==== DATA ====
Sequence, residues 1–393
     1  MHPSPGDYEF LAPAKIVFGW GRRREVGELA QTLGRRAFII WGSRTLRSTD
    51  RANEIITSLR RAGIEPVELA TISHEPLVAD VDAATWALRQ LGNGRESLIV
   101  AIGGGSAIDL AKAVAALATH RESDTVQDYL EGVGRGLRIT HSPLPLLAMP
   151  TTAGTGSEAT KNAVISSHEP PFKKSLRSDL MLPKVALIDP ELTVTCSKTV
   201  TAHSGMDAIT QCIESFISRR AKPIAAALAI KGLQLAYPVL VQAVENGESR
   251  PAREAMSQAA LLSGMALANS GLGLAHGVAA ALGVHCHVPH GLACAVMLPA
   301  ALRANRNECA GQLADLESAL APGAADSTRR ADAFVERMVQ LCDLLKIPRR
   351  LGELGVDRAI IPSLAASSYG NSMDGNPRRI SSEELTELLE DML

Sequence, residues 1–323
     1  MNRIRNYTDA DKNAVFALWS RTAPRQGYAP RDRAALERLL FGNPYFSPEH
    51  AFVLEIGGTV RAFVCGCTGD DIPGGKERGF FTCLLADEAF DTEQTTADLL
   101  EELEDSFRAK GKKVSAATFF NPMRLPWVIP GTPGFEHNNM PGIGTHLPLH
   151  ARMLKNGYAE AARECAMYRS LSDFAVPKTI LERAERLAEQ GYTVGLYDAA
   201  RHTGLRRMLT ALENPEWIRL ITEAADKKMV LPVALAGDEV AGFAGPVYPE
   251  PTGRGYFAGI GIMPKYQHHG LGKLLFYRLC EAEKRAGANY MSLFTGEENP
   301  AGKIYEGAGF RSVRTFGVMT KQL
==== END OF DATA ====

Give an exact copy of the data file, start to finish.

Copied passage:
Sequence, residues 1–393
     1  MHPSPGDYEF LAPAKIVFGW GRRREVGELA QTLGRRAFII WGSRTLRSTD
    51  RANEIITSLR RAGIEPVELA TISHEPLVAD VDAATWALRQ LGNGRESLIV
   101  AIGGGSAIDL AKAVAALATH RESDTVQDYL EGVGRGLRIT HSPLPLLAMP
   151  TTAGTGSEAT KNAVISSHEP PFKKSLRSDL MLPKVALIDP ELTVTCSKTV
   201  TAHSGMDAIT QCIESFISRR AKPIAAALAI KGLQLAYPVL VQAVENGESR
   251  PAREAMSQAA LLSGMALANS GLGLAHGVAA ALGVHCHVPH GLACAVMLPA
   301  ALRANRNECA GQLADLESAL APGAADSTRR ADAFVERMVQ LCDLLKIPRR
   351  LGELGVDRAI IPSLAASSYG NSMDGNPRRI SSEELTELLE DML

Sequence, residues 1–323
     1  MNRIRNYTDA DKNAVFALWS RTAPRQGYAP RDRAALERLL FGNPYFSPEH
    51  AFVLEIGGTV RAFVCGCTGD DIPGGKERGF FTCLLADEAF DTEQTTADLL
   101  EELEDSFRAK GKKVSAATFF NPMRLPWVIP GTPGFEHNNM PGIGTHLPLH
   151  ARMLKNGYAE AARECAMYRS LSDFAVPKTI LERAERLAEQ GYTVGLYDAA
   201  RHTGLRRMLT ALENPEWIRL ITEAADKKMV LPVALAGDEV AGFAGPVYPE
   251  PTGRGYFAGI GIMPKYQHHG LGKLLFYRLC EAEKRAGANY MSLFTGEENP
   301  AGKIYEGAGF RSVRTFGVMT KQL